Belgian technology targets UK
OVAM, the Flemish equivalent of the UK's Environment Agency, was first given powers to enforce clean-up of contaminated sites by a Parliamentary Waste Decree of 1981. In the UK, by contrast, similar powers will only come into force with the implementation of Part IIA of the 1990 Environmental Protection Act - due this Summer. In short? The Belgians are coming.
OEC boasts a full multi-disciplinary capability for major soil and groundwater remediation projects, specialising in turnkey, integrated solutions. Its core activities include ex-situ and in-situ treatments of water, soil and silt, site remediation and recycling, and landfill construction and capping.
The company's technological armoury includes award-winning mobile and semi-mobile soil and groundwater treatment and recycling facilities; in-situ and ex-situ bioremediation and physico-chemical techniques; and advanced technologies for removal of heavy metals such as bi-polar electrolysis and Metasorb, a new granular adsorbent for large-scale water decontamination projects.
Soils NV, an OEC sister company operating in Belgium, has demonstrated that bipolar electrolysis is a cost-effective option for the removal of arsenic and other heavy metal contaminants from groundwater. A pilot project at a heavily contaminated zinc refinery site, for a large Belgian non-ferrous metals group, centred on an area which served as an industrial landfill for over 100 years. Leachate has contaminated the groundwater with high levels of arsenic, zinc and cadmium, to depths of up to 80m.
The new research was undertaken in close association with IWT, the Flemish Institute for Scientific and Technological Research. This extensive body of work has confirmed the relative insensitivity of bipolar electrolysis to the complex composition of contaminated groundwaters - a factor that has underpinned its successful use.
The system is based on the separation of anode and cathode in the electrolysis cell by means of a bipolar electrode, creating a cathode and anode cell. Both cells are divided by membranes, forming four distinct compartments. By applying an appropriate electric current and varying the make-up of the membranes and electrodes, the electro-chemical conditions in each compartment may be finely adjusted. Metals such as copper, cadmium, zinc and lead may be precipitated as hydroxides. Mercury can be removed as a carbonate, while arsenic can be precipitated in the form of arsenates.
The prototype bipolar electrolysis unit, with a capacity of 20m3/hr, has been in operation for the past twelve months, demonstrating that it would be possible to build and successfully operate - over an extended period of years, if necessary - a large-scale, high efficiency bipolar electrolysis decontamination system. Success at the pilot site will encourage the large-scale application of bipolar electrolysis at other contaminated sites in Western Europe.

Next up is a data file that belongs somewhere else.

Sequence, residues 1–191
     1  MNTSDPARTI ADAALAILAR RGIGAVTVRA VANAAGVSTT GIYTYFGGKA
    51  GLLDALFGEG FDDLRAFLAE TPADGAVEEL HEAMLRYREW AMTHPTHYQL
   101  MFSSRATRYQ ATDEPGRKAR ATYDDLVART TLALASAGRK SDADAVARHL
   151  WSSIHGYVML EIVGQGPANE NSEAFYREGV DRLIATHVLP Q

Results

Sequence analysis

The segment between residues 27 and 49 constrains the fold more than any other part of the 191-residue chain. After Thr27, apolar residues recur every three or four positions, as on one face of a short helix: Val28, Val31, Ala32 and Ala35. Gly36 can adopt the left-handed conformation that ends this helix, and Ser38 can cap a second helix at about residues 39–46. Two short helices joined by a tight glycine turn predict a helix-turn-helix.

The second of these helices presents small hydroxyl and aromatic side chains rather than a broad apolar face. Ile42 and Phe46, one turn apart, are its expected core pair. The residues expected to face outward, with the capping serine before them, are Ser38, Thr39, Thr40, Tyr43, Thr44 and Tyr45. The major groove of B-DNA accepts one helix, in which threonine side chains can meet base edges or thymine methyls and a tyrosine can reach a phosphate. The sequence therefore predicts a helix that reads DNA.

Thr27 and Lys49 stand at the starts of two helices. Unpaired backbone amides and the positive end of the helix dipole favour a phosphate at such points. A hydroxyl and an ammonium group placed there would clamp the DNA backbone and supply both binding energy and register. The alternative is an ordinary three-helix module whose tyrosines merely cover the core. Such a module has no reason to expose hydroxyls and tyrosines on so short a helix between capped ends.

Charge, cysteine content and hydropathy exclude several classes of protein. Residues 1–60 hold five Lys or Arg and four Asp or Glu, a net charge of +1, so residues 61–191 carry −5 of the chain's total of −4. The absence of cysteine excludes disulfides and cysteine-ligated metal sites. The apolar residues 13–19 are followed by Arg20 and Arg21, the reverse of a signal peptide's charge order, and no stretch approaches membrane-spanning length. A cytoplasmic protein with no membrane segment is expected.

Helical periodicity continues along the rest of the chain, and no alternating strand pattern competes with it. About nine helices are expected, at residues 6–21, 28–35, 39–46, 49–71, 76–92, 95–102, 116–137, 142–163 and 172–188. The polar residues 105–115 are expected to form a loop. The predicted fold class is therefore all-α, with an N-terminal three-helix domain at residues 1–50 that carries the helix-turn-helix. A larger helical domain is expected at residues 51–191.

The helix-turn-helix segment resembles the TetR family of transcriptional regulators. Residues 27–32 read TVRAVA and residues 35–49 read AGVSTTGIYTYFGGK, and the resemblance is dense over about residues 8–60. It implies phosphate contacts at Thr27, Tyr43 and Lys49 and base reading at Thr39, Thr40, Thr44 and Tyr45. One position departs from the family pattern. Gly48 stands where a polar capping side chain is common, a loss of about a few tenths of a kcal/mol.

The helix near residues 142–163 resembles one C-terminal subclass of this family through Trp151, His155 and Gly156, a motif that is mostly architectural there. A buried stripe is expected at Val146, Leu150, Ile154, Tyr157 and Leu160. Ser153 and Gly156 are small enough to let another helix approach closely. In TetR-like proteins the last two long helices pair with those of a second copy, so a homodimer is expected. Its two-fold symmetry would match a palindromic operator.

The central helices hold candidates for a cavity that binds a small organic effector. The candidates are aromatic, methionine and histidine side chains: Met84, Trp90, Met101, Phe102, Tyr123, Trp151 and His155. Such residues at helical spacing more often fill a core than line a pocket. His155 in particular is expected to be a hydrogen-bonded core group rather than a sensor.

Project manager Stany Pensaert says: "Removal of arsenic to levels specified in new groundwater quality standards is a major challenge. Arsenic behaves very differently from other metal pollutants, as it is dissolved in anionic form (arsenite or arsenate) and cannot be precipitated as a hydroxide. Most traditional techniques rely on an insoluble arsenate, such as ferric or calcium arsenate. Our technology is based on oxidizing arsenite into arsenate, which reacts with ferric ions brought into solution by electrolytical dissolution of an iron anode."
The pilot unit exceeded expectations, reducing arsenic levels in groundwater from 0.6mg/l to below 0.02mg/l, seven per cent above the baseline requirement of 90%. The best that could be hoped for from traditional approaches would be 0.1mg/l. Zinc and cadmium levels were also reduced to dramatically low levels. The demand for power ran at below 1.2kWhr/m3 of groundwater - at a cost of around 12p/m3. Cost-efficiency would be even better for a larger system, with a capacity of perhaps 200m3/hr.
Further innovations developed in-house by DEME specialists, and now offered by OEC on the UK market, include a highly efficient pumping system for extraction of pure product from water tables, pump and heat techniques, sparging, horizontal drainage installation techniques for sludge consolidation, and hydrobotanic facilities for cost-effective small-scale wastewater treatment. Several of these "alternative" facilities, using floating reed beds to extract impurities, are operating successfully on commercial contracts in Belgium.
OEC Technical and Commercial Executive Ivo Pallemans says: "We are actively seeking project partnerships with private or public organisations in the UK to implement our know-how on contaminated soil, sludge and groundwater treatment, remediation and restoration of industrial sites, waste management, construction of confined disposal sites, and engineering, installation and operation of soil and sludge treatment/recycling centres."